The Cure for the Sorry State of Mobile Advertising

Despite the growth of mobile adoption, the mobile advertising industry is stuck in the doldrums.

mobile advertising

It’s becoming more apparent that mobile is the next frontier for social networks — and for advertising. However, despite sizable adoption of mobile devices by consumers, advertising on mobile has matured very little since its early days. The global web advertising industry is still dominated by the desktop versions of ads, but as technology and app use expand, mobile advertising is stuck in the doldrums.

According to data from KPCB’s Internet Trends 2014 report, the adoption of mobile has been substantial. Smartphone subscription is up 20 percent over the last two years, especially in previously unpenetrated markets like China and Brazil. In fact, mobile data traffic is up 81 percent and accelerating. Seventy-three percent of the world’s population now uses mobile phones, and 22 percent are using smartphones.

Despite the technology’s penetration, mobile advertising still pales in comparison to overall mobile spending. More than $100 billion was spent on desktop advertising in 2013, yet less than $15 billion was spent on mobile advertising in the same period.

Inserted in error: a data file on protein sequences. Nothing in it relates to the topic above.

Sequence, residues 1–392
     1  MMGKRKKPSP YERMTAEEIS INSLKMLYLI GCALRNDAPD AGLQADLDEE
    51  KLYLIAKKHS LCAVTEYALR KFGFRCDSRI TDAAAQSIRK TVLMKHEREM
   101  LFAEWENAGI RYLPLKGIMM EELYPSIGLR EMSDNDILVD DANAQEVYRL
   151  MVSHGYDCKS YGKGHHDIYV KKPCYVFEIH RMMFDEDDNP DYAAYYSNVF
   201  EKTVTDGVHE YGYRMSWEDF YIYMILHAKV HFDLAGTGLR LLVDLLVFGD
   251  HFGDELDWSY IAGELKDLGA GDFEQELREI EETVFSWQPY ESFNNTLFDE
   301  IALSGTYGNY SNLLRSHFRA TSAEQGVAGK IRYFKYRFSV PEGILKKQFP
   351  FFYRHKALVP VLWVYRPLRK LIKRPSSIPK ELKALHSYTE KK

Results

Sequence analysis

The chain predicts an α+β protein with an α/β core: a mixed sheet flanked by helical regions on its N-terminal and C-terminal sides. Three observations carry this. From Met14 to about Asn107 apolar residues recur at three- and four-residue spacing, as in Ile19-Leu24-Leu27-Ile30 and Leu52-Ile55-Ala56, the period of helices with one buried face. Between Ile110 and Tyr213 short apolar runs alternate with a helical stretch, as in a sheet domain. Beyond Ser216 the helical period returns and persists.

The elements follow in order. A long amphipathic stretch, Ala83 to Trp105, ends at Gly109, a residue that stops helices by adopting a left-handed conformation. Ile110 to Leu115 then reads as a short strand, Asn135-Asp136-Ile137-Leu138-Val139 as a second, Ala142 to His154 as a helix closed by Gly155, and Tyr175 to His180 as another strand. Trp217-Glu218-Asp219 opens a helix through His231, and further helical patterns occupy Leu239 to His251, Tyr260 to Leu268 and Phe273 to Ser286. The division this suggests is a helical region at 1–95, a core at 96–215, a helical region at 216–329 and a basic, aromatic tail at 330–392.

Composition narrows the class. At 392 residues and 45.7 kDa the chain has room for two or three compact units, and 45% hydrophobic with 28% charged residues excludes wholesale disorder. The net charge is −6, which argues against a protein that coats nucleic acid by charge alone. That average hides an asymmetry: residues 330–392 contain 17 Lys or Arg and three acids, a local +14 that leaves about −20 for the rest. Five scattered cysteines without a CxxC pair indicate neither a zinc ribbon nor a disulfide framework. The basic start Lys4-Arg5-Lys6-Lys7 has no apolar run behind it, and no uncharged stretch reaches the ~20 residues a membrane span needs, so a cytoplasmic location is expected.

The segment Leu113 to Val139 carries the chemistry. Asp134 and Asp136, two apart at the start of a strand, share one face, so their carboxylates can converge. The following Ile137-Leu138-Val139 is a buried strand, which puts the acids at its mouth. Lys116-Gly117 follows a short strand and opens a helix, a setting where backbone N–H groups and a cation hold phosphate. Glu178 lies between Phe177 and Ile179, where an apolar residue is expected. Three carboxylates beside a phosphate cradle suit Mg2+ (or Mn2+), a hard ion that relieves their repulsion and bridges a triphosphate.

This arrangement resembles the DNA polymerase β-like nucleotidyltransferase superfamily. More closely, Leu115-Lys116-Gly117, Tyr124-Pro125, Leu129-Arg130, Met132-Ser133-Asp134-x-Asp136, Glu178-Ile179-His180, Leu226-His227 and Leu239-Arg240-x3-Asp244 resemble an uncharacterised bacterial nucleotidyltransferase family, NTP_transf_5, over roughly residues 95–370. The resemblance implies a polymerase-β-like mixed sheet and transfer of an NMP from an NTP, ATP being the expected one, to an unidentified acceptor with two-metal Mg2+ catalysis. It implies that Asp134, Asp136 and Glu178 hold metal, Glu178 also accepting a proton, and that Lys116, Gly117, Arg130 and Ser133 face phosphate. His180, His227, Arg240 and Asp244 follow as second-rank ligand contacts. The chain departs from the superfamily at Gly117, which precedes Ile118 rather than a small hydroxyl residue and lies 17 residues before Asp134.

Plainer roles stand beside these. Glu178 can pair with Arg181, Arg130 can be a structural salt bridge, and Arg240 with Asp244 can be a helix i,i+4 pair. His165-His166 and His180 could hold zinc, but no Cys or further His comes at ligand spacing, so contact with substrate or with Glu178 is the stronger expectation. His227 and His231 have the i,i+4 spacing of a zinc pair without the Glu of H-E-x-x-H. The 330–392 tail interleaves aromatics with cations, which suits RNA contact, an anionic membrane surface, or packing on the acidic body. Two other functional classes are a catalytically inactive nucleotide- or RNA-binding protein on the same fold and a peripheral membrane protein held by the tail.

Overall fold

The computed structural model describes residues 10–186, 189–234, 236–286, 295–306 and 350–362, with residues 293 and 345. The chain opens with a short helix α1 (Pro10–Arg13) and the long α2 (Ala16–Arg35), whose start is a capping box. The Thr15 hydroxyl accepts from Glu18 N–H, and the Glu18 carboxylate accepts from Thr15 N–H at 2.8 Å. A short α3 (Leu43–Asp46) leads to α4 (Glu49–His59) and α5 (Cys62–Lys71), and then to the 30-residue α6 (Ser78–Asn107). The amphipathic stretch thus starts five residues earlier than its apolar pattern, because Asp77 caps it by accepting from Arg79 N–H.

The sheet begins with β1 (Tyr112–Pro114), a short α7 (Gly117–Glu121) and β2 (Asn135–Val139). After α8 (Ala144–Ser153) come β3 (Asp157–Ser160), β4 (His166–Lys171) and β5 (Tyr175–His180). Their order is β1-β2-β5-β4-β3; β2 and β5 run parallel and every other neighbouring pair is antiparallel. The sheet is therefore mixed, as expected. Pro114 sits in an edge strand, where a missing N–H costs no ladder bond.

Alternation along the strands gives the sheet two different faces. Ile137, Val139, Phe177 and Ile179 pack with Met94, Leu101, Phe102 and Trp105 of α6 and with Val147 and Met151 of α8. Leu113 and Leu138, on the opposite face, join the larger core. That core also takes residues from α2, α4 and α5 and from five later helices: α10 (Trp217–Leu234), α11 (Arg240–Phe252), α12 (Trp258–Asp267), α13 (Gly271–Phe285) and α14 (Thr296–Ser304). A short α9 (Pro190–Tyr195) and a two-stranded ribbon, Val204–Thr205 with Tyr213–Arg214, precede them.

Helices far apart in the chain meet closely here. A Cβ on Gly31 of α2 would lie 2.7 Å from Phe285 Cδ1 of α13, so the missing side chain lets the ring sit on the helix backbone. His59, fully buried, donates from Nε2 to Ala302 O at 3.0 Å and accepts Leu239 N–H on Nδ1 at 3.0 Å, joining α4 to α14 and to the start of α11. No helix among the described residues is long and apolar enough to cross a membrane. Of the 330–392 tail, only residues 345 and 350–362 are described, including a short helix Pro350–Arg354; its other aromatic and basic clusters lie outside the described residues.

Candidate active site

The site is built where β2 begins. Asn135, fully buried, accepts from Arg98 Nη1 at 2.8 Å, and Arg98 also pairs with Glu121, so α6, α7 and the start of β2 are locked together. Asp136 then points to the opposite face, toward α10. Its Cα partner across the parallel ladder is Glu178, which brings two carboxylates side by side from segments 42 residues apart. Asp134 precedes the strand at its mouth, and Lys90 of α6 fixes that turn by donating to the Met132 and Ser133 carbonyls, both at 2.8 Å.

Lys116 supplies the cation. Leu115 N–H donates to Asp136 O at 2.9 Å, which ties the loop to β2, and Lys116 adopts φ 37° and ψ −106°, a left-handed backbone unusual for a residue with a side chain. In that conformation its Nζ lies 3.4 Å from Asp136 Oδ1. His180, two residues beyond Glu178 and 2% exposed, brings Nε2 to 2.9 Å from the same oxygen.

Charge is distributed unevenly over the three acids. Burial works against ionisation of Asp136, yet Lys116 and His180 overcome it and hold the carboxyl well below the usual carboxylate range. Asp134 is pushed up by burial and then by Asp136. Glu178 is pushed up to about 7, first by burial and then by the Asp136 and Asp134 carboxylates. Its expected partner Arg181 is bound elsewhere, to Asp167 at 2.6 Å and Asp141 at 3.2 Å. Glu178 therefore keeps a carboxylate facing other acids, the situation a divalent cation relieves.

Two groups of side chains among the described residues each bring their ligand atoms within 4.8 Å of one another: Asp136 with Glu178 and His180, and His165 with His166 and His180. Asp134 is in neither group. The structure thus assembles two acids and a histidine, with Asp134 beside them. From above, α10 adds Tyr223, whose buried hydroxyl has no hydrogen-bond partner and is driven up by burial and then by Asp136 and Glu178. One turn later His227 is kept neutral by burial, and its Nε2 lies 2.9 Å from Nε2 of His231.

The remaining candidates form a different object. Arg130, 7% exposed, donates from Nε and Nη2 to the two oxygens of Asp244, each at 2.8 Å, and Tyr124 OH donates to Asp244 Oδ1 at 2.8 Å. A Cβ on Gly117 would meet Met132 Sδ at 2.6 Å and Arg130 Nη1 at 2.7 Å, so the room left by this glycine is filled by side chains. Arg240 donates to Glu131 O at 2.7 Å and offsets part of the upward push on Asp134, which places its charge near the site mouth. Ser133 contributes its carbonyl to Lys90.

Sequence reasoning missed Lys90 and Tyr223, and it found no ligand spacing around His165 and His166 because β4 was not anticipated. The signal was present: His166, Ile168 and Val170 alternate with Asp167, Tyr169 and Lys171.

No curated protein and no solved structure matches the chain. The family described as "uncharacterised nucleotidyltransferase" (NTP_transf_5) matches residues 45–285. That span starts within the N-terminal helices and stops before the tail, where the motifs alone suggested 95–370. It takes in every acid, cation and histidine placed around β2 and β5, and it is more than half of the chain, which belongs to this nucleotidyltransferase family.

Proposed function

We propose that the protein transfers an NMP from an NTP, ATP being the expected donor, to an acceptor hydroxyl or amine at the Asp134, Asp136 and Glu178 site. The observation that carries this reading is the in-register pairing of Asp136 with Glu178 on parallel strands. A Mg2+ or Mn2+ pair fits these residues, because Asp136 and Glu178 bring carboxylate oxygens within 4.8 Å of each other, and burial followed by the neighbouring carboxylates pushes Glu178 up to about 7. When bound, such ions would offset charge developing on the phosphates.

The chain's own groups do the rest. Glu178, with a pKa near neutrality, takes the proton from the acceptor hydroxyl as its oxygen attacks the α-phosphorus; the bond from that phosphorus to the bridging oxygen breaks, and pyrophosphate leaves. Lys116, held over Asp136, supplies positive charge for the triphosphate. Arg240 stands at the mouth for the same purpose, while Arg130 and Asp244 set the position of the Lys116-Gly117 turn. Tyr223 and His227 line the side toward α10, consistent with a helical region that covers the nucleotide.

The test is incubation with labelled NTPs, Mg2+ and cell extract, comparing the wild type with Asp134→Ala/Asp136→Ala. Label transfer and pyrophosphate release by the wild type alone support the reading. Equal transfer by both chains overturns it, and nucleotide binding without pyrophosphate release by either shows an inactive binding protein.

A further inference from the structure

According to Christof Wittig, founder and CEO of mobile advertising management platform LiquidM, the biggest problem is that the whole system is poorly optimized. There are more than 500 mobile ad networks all vying for the same banners, which can lead to trading between companies. This leads to less relevant ads for consumers, and significant markups at the same time.

“Advertisers, publishers and users all hate the 300-by-50 banner, but because it remains the industry standard, it still accounts for a significant percentage of the overall mobile media spend,” Wittig writes on The Next Web. With little diversity in ad presentation, the mobile industry is creatively stifled — much more so than desktop advertising. Inefficient vertical integration among ad companies also leads to wasted opportunities.

Wittig sees three cures for these problems.

  1. Make mobile advertising attractive by implementing industry-wide standards and tools.
  2. Reduce redundant competition through horizontal integration and specialization.
  3. The industry needs to be revolutionized with an “iPhone moment.”

The third prescription is what Wittig says will do for mobile advertising what the iPhone did for mobile itself. “I’m more hopeful that other, better ‘mobile first’ ad units will emerge, and be as rapidly adopted as the world embraced the keyboardless iPhone, which helped boost the smartphone industry by 10 times within a few years.”